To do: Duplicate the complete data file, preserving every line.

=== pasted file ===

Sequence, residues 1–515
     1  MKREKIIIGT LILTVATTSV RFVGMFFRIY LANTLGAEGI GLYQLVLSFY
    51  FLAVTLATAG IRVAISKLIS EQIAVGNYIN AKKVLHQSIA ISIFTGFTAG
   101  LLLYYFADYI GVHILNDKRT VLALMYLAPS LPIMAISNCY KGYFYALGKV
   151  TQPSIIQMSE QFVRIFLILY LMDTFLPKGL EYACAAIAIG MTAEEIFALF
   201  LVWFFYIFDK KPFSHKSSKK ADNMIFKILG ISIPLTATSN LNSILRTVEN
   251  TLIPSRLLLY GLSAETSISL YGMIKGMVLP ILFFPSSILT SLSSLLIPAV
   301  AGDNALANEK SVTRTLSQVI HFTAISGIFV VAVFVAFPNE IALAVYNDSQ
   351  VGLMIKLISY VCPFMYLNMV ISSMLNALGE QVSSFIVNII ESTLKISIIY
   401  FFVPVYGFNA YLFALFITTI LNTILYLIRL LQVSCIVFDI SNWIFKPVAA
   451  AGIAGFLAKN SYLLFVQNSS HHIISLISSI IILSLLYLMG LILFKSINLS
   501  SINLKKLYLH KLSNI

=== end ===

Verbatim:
Sequence, residues 1–515
     1  MKREKIIIGT LILTVATTSV RFVGMFFRIY LANTLGAEGI GLYQLVLSFY
    51  FLAVTLATAG IRVAISKLIS EQIAVGNYIN AKKVLHQSIA ISIFTGFTAG
   101  LLLYYFADYI GVHILNDKRT VLALMYLAPS LPIMAISNCY KGYFYALGKV
   151  TQPSIIQMSE QFVRIFLILY LMDTFLPKGL EYACAAIAIG MTAEEIFALF
   201  LVWFFYIFDK KPFSHKSSKK ADNMIFKILG ISIPLTATSN LNSILRTVEN
   251  TLIPSRLLLY GLSAETSISL YGMIKGMVLP ILFFPSSILT SLSSLLIPAV
   301  AGDNALANEK SVTRTLSQVI HFTAISGIFV VAVFVAFPNE IALAVYNDSQ
   351  VGLMIKLISY VCPFMYLNMV ISSMLNALGE QVSSFIVNII ESTLKISIIY
   401  FFVPVYGFNA YLFALFITTI LNTILYLIRL LQVSCIVFDI SNWIFKPVAA
   451  AGIAGFLAKN SYLLFVQNSS HHIISLISSI IILSLLYLMG LILFKSINLS
   501  SINLKKLYLH KLSNI